Saturday, 29 December 2007

Halo 3

Halo 3I fell in love with this game when browsing a replay movie. As Master Chief, the last hope for humanity, I had fought my way down a bog-standard corridor on my way to more exciting stuff. Watching the replay, I paused the game and zipped the camera down to the other end of the corridor to watch my death-dealing approach from the point of view of my enemies. That was cool enough in itself, but then I noticed one of the pint-sized grunts running off down a corridor. What was he doing? I took the camera down that same corridor, and watched him hide in the darkness as I ran past. Once I was gone, the grunt said with relief (words to the effect of), “I’m glad he’s gone!” Genius! I’ve rarely seen such attention to detail in a game – or perhaps it’s better to say that the attention to detail has never been highlighted in such an effective way. Like the achievements you can gain in this and other Xbox 360 games, the features of Halo 3 encourage you to play and explore the game to its fullest.

I haven’t talked yet about the gameplay itself. I wasn’t a huge fan of Halo and Halo 2, perhaps as a result of picking them up a few years after their release, by which time I’d already played other games incorporating their innovations. I’ve always found online gaming a bit of a chore, which killed part of their appeal for me. I also, to be honest, found them a bit hard!

I’m enjoying Halo 3 much more. For one thing, I’m finding it easier, thanks to your health (at least on the Easy level) being a single shield, which fully recharges in cover, avoiding the death by attrition which always did for me in the previous two games. For another, it’s currently the state of the art in videogames, and so its ideas are as yet unsullied by imitators.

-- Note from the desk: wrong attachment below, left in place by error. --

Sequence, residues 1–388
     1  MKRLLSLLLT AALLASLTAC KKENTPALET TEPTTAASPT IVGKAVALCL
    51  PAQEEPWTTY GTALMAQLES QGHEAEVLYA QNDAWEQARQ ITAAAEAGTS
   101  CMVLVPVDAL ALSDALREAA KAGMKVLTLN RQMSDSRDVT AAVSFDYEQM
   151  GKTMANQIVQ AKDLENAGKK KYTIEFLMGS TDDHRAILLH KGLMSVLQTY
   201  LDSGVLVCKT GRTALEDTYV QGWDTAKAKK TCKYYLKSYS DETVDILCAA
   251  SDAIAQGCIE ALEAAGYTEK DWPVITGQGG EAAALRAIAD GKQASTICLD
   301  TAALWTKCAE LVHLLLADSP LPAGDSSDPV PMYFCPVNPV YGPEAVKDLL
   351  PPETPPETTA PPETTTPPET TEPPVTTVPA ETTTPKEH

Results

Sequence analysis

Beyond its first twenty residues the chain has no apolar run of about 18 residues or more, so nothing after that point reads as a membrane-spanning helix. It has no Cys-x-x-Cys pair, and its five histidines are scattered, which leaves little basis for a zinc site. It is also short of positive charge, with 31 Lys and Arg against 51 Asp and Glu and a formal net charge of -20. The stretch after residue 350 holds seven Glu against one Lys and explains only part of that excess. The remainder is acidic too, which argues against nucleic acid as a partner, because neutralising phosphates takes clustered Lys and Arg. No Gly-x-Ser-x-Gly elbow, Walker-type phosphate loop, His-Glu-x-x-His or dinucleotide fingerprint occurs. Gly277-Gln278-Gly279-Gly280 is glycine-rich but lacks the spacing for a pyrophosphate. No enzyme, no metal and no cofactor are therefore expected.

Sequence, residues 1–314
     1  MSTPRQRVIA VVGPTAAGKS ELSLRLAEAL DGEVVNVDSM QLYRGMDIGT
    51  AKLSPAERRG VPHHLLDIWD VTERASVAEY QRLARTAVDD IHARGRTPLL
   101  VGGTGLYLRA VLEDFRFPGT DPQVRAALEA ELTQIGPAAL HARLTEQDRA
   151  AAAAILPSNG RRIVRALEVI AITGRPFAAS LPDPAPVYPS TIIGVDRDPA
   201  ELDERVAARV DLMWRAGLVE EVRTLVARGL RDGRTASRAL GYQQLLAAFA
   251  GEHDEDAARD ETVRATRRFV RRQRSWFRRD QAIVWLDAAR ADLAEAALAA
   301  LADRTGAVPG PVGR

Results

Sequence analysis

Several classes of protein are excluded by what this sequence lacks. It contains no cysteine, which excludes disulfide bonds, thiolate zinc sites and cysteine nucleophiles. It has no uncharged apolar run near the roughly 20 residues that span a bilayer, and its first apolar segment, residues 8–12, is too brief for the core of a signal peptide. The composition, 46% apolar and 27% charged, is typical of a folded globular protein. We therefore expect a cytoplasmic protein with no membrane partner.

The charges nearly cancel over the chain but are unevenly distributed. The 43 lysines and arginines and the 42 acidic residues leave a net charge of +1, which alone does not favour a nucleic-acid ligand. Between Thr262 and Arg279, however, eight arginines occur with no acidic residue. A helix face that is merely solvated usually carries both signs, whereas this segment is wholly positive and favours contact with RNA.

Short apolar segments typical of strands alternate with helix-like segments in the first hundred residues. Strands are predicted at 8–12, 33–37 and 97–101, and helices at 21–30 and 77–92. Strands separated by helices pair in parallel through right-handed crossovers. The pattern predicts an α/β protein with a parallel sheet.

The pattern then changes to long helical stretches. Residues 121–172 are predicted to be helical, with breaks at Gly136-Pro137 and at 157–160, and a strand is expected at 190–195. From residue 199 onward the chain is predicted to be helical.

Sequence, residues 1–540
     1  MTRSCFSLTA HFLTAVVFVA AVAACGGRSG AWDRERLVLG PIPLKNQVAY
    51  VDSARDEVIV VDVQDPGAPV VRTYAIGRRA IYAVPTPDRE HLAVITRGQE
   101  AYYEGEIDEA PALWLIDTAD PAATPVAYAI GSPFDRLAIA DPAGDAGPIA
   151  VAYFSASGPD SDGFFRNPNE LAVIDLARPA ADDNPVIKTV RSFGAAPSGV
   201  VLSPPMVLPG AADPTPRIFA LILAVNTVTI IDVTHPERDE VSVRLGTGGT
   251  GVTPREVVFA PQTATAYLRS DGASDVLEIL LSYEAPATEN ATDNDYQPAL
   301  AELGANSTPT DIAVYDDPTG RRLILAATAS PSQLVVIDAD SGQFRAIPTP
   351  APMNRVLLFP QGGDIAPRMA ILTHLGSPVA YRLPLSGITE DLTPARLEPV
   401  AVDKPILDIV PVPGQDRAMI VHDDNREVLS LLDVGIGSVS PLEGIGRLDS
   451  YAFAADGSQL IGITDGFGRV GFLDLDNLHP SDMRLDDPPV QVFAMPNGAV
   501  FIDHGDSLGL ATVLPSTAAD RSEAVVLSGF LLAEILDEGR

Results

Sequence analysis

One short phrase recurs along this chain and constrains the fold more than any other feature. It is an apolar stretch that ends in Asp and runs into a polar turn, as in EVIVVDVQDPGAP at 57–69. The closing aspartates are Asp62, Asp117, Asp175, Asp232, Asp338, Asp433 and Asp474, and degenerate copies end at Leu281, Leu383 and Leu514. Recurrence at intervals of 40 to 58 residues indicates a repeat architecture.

The gameplay options it offers are endless, both in terms of online options, but also in every individual moment – every weapon has its uses in every situation, and every situation responds to a dozen different approaches.

Finally, we are always starved of proper, full-on, big-budget science fiction in the cinema. So it’s a joy to watch a science fiction story as epic as Halo 3’s unfurl, even if it’s on the small screen.

There’s a lot more to be said about this game; the game itself is a conversation that will continue for years to come. Despite playing it all the way through I’ve barely scratched its surface. In terms of Hollywood blockbusters, Halo 3 would be The Matrix or the Lord of the Rings, movies that satisfy on a visceral level, but also repay and stand up to sustained scrutiny.

Originally published in Theaker's Quarterly Fiction #20.

Halo 3, Bungie (dev.). US, Xbox 360.